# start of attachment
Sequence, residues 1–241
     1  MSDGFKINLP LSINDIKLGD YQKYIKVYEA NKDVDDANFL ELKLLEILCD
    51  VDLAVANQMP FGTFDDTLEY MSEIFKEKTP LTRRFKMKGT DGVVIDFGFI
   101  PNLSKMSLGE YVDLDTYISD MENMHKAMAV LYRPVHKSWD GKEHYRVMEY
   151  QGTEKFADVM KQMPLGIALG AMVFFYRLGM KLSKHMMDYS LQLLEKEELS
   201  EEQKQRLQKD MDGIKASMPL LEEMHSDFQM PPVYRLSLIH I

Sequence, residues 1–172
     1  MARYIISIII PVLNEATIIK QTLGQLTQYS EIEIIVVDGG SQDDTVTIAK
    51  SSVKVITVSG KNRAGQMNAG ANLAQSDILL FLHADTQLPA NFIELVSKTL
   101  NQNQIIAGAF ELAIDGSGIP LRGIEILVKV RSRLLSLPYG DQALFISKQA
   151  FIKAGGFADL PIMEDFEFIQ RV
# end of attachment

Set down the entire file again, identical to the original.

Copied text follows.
Sequence, residues 1–241
     1  MSDGFKINLP LSINDIKLGD YQKYIKVYEA NKDVDDANFL ELKLLEILCD
    51  VDLAVANQMP FGTFDDTLEY MSEIFKEKTP LTRRFKMKGT DGVVIDFGFI
   101  PNLSKMSLGE YVDLDTYISD MENMHKAMAV LYRPVHKSWD GKEHYRVMEY
   151  QGTEKFADVM KQMPLGIALG AMVFFYRLGM KLSKHMMDYS LQLLEKEELS
   201  EEQKQRLQKD MDGIKASMPL LEEMHSDFQM PPVYRLSLIH I

Sequence, residues 1–172
     1  MARYIISIII PVLNEATIIK QTLGQLTQYS EIEIIVVDGG SQDDTVTIAK
    51  SSVKVITVSG KNRAGQMNAG ANLAQSDILL FLHADTQLPA NFIELVSKTL
   101  NQNQIIAGAF ELAIDGSGIP LRGIEILVKV RSRLLSLPYG DQALFISKQA
   151  FIKAGGFADL PIMEDFEFIQ RV